boooeee
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Originally Posted by stanfr View Post
I was reading a story today (sorry no link handy but google is your friend) about Warren Buffett/Quicken Loans offer of 1 billion $ to anyone who submits a perfect NCAA bracket for this year's tourney. The story insisted the odds were one in a billion. That seems ridiculous to me, but I'm not sure how one would determine the true odds unless maybe one had a database of human picks.

But it gives me an idea--what if you could get a huge amount of data on all the matchups and do a hard analysis; looking at previous years' tourneys it is exceedingly rare for a lower than 12 seed to win in the first round, and usually those first round upsets are not as 'upsetting' as the rank would indicate. Then, it's even more rare for the rare upset to survive the second round. So, of course the key is to identify the potential upset games, and also to give oneself a better than 50/50 edge for the close matchups like the 8 facing the nine. Looking at previous years, I took a rough guesstimate that I could probably (if i knew anything about the teams, which unfortunately I don't...) increase my odds to 1 in 10,000.

Which make me wonder if the billion dollar offer is risky. Course I don't have stats on how any perfect brackets have materialized overall, so my 10K to 1 may be too generous. If it is reasonable, an easy way to beat Buffett would be to hoist a website and take to social media for recruits. Generate 10,000 unique brackets that cover all the possible (realistic, from a statistical point of view) outcomes. The assign each person who signs up a unique entry to the contest. The people who sign up contract with you to pay the site the 1 billion if their bracket wins. So, everyone who signs up as an excellent chance of walking away with $100,000-- It's a free entry, after all!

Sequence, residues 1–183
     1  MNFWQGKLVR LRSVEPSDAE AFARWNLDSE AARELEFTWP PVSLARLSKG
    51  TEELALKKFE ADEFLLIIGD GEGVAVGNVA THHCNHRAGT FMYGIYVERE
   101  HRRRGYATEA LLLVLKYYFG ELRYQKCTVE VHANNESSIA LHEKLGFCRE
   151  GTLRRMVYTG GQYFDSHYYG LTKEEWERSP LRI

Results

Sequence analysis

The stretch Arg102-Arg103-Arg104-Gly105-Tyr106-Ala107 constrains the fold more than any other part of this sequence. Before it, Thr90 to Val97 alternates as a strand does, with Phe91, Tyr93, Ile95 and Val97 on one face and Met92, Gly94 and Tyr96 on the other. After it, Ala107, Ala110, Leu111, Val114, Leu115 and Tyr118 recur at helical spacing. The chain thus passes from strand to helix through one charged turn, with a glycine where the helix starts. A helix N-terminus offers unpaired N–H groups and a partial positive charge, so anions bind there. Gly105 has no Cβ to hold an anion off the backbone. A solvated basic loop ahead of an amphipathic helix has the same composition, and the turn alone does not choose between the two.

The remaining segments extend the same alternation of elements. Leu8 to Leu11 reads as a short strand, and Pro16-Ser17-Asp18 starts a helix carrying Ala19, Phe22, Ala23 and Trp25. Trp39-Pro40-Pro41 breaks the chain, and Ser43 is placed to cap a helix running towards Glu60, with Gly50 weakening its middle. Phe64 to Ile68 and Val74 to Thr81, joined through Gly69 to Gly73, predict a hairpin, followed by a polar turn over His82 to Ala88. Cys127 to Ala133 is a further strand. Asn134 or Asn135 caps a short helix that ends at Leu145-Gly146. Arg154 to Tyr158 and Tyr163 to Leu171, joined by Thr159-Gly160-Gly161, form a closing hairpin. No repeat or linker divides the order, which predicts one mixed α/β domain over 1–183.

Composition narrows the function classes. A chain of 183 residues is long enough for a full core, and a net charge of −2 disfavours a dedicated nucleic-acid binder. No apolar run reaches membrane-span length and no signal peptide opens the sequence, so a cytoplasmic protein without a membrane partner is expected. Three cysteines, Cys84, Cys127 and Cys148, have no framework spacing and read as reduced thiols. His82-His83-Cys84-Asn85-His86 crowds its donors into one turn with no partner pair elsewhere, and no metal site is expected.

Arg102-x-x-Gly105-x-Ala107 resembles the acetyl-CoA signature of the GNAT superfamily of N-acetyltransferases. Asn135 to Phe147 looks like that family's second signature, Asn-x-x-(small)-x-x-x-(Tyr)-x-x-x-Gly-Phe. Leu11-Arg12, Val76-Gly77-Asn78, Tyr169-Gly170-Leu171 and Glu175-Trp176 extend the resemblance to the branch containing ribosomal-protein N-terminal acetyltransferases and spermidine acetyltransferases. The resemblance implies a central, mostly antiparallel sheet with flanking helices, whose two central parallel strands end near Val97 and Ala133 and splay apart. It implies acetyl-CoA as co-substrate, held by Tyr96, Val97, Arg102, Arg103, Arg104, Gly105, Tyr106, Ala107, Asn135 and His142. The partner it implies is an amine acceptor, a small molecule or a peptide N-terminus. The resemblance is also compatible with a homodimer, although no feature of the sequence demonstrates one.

Am I on to something, or is my 1 in 10K estimate too liberal?

Check out Take Buffett's Billion. It is pretty much what you proposed (full disclosure: I am currently part of the team behind the website; they'll be using my ranking system, among possible others, for generating brackets). So sign up, and tell your friends.